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Divided We Stand

Divided We Stand
New book about the 2020 election.

Friday, October 28, 2016

Class Conflict in 2016

Thomas B. Edsall writes at The New York Times:
Three recent studies of the American electorate illuminate the upheaval in the two political parties: the first, published on Oct. 12 by the Institute for Advanced Studies in Culture at the University of Virginia, the other two published Oct. 19 and Oct. 25 by the Public Religion Research Institute.
The UVA-IASC survey highlighted the political and cultural gulf between upscale, predominately Democratic whites and downscale, predominately Republican whites.
 The first group, “the Social Elite” in UVA-IASC’s terminology, is made up of whites with advanced degrees. They are 49 percent Democratic, 16.8 percent Republican. 87.5 percent say the Democratic Party represents their views very or fairly well, compared to zero percent who say the Republican Party represents them very well and 24.2 percent who say that it does so “fairly well.” They plan to vote for Clinton over Trump by 74.3 to 14.1 percent.
The second group, termed “the Disinherited” in the UVA-IASC survey, comprises religiously conservative whites without college degrees. Republicans outnumber Democrats 52.3 to 11.1, and 60.9 percent say the Republican Party represents their views very or fairly well. They plan to vote for Trump by 74.3 to 13.5 percent.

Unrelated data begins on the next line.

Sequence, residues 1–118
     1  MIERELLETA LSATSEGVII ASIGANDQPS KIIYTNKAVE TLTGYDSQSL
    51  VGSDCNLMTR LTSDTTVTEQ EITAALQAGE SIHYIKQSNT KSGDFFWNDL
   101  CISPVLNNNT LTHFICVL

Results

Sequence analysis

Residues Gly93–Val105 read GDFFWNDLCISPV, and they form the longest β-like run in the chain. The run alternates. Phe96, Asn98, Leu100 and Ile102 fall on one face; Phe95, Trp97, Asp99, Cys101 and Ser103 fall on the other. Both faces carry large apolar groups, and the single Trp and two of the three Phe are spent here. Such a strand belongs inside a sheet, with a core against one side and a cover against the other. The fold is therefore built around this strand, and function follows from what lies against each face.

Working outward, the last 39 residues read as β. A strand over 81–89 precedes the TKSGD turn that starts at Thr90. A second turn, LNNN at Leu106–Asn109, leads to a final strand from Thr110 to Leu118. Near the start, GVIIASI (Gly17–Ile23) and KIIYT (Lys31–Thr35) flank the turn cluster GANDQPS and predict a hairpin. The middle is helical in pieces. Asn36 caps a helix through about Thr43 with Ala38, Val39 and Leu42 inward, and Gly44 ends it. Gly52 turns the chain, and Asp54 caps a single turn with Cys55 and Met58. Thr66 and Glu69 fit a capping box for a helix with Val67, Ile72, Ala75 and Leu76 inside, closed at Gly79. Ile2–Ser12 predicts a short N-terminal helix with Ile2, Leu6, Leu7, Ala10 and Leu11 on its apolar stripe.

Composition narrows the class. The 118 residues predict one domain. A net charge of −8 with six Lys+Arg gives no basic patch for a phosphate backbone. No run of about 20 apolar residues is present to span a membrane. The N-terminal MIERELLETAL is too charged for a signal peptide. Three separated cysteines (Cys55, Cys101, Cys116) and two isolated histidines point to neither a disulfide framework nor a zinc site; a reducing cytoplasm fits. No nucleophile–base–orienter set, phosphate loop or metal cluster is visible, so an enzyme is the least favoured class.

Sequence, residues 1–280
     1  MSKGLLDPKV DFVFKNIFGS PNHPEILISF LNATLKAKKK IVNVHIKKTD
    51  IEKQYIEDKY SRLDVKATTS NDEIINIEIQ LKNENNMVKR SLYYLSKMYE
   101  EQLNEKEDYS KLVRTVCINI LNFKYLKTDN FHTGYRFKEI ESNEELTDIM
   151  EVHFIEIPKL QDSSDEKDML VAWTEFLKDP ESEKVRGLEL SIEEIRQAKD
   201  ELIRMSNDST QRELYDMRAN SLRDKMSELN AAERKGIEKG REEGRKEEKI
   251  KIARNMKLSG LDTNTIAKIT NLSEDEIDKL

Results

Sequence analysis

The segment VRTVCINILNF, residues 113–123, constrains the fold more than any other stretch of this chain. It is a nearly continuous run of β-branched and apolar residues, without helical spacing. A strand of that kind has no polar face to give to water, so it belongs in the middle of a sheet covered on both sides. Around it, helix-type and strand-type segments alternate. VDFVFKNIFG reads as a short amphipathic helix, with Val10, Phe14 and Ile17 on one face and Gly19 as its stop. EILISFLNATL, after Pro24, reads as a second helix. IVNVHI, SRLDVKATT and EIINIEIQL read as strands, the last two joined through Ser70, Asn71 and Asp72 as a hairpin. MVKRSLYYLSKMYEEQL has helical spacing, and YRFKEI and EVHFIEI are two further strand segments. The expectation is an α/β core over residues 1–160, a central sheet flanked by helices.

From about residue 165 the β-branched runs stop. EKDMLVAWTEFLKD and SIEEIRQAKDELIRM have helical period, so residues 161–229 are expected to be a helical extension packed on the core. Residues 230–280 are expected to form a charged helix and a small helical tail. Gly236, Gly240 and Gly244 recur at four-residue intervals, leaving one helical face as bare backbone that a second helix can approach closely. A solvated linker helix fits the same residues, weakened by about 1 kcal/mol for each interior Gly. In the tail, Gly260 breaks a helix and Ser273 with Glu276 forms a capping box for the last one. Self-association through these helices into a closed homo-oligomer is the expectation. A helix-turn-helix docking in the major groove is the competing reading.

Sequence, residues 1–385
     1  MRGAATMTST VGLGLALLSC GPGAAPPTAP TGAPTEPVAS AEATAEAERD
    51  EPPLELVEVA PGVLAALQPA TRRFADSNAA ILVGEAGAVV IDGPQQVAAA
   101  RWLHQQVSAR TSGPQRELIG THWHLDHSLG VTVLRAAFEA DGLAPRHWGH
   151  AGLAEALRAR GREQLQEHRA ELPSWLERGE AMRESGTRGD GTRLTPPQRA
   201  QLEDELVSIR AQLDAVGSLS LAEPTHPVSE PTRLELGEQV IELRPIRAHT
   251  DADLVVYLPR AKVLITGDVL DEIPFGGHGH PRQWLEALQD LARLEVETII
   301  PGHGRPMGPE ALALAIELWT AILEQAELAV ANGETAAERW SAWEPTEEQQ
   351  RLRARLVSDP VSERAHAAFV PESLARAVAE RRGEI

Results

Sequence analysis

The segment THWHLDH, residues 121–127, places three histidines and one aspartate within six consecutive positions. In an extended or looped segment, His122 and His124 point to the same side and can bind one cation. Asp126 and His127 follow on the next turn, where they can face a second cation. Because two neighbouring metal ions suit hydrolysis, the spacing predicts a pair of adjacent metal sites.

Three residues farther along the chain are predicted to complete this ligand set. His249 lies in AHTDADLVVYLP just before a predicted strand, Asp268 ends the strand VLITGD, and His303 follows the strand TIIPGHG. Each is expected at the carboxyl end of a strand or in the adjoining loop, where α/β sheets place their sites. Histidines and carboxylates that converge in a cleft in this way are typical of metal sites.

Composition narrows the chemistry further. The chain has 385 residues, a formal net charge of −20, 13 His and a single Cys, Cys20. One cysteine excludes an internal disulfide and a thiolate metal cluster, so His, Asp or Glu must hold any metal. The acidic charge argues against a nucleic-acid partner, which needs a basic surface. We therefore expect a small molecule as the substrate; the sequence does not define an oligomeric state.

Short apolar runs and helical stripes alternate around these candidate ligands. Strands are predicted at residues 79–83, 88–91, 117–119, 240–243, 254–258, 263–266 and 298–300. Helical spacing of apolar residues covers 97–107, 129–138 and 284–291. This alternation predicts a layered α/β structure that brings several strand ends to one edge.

The two PRRI surveys use more traditional terminology, but the findings reinforce those of the UVA-IASC study.
PRRI shows how much the Trump wing of the Republican Party sees itself as the underdog, while Clinton supporters recognize their privileged position in today’s economy:

About seven in ten likely voters supporting Donald Trump (72%) say American society and way of life has changed for the worse since the 1950s, while seven in ten likely voters supporting Hillary Clinton (70%) say things have changed for the better.
These patterns are repeated in the pronounced class differences among whites:

A majority (56%) of white college-educated Americans say American society is generally better now than it was in the 1950s, while nearly two-thirds (65%) of white working-class Americans say things are now worse.
White evangelical Protestants have the bleakest view of all: “Nearly three-quarters (74%) say American culture has changed for the worse since the 1950s.”